The Montgomery Express
When the water stops appearing from the taps I trace the problem back to a faulty ball valve. The valve, after twenty years, is gunged up. The mud and muck upon which we stand having slowly, relentlessly, found its way here, inside, above my head, into the coppered workings. I shoulder up, spanner in hand, into the attic rank with mouse shit. This is how I spend the morning, pulling and tightening, adjusting, cursing amongst the damp droppings.
In the afternoon I listen to The Montgomery Express. It’s something I often do. The Montgomery Express is a tonic. It makes a mockery of time. It places me firmly in the here and now; it transports me back to when I first heard it; it points the way to the future.
I once lived, thirty years ago, in New York amongst idlers and fantasists, artists and lunatics, hustlers and dummies. People on the run from what they were. Some of whom I was very fond of. Good people who were very young. Working in a shop called Record City with the best of them. It was there that I listened to Ornette Coleman and Betty Carter and Conway Twitty and The Art Ensemble Of Chicago. It was there I tried to be different.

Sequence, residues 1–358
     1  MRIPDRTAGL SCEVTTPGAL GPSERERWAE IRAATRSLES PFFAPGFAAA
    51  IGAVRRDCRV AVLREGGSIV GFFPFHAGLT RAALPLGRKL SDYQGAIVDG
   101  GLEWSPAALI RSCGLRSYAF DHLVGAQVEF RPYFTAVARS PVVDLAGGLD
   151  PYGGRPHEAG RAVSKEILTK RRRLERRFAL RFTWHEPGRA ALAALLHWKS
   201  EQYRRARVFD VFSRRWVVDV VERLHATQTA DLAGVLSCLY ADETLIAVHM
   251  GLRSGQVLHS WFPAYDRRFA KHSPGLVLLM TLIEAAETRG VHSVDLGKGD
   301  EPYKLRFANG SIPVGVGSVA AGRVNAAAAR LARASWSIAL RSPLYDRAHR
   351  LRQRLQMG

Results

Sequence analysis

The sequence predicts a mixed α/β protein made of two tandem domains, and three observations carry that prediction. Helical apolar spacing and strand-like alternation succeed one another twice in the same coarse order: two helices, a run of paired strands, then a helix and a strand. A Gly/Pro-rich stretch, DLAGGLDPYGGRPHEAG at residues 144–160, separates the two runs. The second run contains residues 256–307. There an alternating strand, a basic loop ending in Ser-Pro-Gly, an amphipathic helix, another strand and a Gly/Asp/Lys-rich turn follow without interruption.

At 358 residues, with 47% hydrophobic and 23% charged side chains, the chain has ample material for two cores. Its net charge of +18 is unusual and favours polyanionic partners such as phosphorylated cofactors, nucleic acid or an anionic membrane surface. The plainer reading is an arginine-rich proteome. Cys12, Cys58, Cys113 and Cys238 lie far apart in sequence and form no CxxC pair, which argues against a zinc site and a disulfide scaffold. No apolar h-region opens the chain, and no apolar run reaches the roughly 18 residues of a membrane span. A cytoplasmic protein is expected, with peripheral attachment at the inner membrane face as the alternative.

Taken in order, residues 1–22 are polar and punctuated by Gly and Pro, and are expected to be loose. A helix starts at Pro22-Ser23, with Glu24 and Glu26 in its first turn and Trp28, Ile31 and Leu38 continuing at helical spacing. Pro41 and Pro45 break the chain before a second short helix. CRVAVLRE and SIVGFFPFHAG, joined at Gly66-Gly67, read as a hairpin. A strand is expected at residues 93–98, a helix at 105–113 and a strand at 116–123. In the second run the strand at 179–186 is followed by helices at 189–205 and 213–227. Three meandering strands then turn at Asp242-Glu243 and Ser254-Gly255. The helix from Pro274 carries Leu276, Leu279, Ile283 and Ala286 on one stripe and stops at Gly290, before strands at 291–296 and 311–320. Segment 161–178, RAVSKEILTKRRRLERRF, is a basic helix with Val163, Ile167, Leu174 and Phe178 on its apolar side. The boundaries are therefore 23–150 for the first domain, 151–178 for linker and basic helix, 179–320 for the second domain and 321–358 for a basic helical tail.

It was there I first heard The Montgomery Express. We bought a few boxes of Folkways cut outs and there it was, among the spoken word records and the folk and blues records, among the field recordings and ethnic records. A perfect slice of Southern soul. I played it constantly until, under threat of being sacked, I was made to quit.
While I listen I look out my window. I can see what? Ten, twenty feet, no more. The birch, the wheel barrow, the pathway through the bracken, all gone. The fog flows and settles while I watch. The stream has swollen, the brown water carries large sticks and branches. I watch a hat swish by. Leaves too and clumps of hay. The hat, of the kind given away to farmers, is red and white with a dark peak. A logo of some description on the front.
While I listen and remember, listen and remember.